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Banana dispute detains freighter in Delaware River

Like a disgruntled shopper, one of the country’s largest food firms is unhappy with a bunch of bananas it acquired in Gloucester City.

But this is a really big bunch of bananas — about 110,000 cartons that allegedly went mushy during a four-day sea voyage from Guatemala to Gloucester.

Del Monte Fresh Produce seeks $1.5 million in a federal lawsuit filed over the bananas, which came up the Delaware River on Monday. The company also has obtained a court order for the “arrest” of a refrigerated freighter, the Green Brazil, that carried the bananas from Central America. That means the ship is barred from leaving the area without a judge’s approval.

The suit, filed Thursday in federal court in Camden, seeks damages from firms based in Norway, Belgium, Poland and the Netherlands Antilles. The companies are described as owners or operators of the Green Brazil.

Representatives of the ship’s owners could not be reached.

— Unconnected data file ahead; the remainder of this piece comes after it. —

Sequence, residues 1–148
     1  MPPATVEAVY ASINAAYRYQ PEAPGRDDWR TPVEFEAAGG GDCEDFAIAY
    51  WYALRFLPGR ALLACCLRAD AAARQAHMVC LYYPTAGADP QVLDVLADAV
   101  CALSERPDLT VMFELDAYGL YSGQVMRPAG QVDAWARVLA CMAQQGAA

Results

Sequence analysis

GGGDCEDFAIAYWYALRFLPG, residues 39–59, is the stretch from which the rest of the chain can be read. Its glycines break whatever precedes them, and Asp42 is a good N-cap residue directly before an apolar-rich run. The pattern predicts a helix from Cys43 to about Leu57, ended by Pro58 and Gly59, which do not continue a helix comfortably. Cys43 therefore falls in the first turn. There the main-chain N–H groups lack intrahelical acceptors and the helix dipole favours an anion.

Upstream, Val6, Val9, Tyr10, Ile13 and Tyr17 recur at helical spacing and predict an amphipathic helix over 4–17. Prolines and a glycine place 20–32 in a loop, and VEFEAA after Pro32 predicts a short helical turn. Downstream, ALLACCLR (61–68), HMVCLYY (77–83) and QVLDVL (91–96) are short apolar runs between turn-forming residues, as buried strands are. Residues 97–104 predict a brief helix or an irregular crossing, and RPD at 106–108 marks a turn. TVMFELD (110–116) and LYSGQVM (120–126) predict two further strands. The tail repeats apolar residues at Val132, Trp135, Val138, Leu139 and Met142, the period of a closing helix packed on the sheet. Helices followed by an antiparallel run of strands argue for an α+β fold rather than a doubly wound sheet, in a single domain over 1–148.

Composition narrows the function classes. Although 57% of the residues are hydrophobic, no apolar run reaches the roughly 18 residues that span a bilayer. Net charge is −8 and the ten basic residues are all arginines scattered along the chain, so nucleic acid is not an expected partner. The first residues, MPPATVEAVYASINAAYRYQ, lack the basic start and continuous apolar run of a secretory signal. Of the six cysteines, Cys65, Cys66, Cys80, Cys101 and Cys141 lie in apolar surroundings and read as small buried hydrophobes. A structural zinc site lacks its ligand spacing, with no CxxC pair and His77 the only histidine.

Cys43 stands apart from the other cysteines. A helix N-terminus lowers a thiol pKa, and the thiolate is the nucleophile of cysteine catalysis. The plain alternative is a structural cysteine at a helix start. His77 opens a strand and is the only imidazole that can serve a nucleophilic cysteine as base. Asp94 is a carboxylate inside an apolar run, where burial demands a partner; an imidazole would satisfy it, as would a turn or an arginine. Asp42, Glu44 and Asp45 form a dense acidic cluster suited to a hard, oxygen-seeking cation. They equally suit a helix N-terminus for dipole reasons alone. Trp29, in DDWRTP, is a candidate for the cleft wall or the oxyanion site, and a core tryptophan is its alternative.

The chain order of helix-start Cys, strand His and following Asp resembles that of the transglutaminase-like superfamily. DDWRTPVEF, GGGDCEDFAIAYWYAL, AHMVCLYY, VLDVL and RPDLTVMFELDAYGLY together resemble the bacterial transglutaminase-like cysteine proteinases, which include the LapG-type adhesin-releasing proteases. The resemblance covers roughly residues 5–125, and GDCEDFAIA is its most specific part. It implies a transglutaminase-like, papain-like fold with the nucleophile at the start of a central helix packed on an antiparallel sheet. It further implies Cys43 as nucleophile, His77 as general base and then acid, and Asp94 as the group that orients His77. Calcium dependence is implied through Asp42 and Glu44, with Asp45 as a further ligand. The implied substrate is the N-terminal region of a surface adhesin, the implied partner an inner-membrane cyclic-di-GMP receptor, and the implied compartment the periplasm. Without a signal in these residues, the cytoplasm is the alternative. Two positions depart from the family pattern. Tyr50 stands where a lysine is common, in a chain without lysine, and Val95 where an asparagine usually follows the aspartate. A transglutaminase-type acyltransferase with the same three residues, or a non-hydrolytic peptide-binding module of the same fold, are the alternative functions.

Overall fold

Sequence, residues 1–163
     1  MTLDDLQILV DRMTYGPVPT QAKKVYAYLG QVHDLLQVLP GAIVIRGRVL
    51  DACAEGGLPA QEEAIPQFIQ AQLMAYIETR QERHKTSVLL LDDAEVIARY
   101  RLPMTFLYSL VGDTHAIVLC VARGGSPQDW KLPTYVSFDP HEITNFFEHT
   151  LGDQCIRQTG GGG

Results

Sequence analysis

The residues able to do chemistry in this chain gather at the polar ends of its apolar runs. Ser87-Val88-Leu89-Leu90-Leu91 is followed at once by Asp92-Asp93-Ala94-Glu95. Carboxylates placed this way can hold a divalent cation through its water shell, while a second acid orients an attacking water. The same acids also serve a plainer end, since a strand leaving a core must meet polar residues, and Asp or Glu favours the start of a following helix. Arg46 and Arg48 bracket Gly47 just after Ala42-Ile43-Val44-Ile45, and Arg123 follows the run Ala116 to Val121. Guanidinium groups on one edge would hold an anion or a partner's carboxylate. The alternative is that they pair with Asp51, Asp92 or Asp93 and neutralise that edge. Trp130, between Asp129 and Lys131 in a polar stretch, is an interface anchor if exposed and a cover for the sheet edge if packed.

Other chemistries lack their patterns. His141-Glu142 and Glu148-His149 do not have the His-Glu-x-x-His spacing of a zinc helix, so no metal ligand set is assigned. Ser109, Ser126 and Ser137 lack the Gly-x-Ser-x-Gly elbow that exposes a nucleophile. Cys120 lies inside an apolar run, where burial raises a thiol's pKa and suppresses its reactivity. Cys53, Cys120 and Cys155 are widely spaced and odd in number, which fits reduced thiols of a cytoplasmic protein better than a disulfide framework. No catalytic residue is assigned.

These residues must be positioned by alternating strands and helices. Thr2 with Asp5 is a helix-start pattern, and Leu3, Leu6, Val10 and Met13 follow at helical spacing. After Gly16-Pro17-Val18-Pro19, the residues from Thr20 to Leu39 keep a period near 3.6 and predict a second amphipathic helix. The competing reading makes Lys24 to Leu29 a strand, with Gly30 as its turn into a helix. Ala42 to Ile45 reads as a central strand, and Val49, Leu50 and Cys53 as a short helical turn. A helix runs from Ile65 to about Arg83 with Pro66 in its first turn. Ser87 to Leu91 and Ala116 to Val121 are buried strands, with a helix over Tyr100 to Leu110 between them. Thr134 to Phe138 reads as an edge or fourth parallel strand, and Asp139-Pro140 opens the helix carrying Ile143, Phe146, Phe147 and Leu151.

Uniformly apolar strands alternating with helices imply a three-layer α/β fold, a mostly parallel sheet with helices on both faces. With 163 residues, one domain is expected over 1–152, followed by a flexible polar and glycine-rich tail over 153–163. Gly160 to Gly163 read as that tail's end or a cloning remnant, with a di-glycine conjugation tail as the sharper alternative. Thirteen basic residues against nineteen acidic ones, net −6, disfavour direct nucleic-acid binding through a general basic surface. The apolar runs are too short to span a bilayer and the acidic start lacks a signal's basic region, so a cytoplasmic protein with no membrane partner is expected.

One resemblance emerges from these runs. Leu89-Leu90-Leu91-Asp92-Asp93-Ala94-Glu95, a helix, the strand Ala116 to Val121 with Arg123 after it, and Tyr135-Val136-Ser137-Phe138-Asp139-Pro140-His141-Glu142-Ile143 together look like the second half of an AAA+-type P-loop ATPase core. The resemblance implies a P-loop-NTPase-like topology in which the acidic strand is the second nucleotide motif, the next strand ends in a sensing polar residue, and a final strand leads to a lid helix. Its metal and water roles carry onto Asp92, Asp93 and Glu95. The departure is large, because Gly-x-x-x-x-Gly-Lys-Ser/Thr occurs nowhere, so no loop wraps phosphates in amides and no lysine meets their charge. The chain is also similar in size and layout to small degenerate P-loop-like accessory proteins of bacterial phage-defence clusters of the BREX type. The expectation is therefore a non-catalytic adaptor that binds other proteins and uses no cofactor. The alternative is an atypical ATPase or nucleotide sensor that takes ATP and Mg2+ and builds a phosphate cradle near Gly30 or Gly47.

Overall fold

According to the lawsuit, 170,000 cartons of bananas and melons were delivered Monday “in good order and condition” to the freighter in the Guatemalan port of Santo Tomas.

The suit contends the Green Brazil was supposed to maintain “a proper temperature and ... controlled atmosphere” for the fruit, but that bananas in two of the ship’s four holds finished the trip “in a distressed state of ripe and turning.”

Del Monte, with U.S. headquarters in Coral Gables, Fla., contends “109,980 cartons of bananas were no longer fit for human consumption and would need to be sold at discount, dumped, donated or otherwise destroyed.”

Del Monte moved quickly to obtain a warrant for the ship’s arrest, said Matthew Wieliczko, a Cherry Hill attorney for the company.

“They (the ship) had potentially scheduled a departure for (Thursday) at 3 p.m.,” he said. “It was a bit of a race against time.”

U.S. Magistrate Ann Marie Donio issued the warrant and on Thursday appointed a temporary custodian for the ship.

Wieliczko said representatives of Del Monte and the ship’s operators were expected to reach an agreement on the value of the disputed produce.

The Green Brazil would likely leave South Jersey — and the lawsuit would continue — once the ship’s owners provide a letter of credit.


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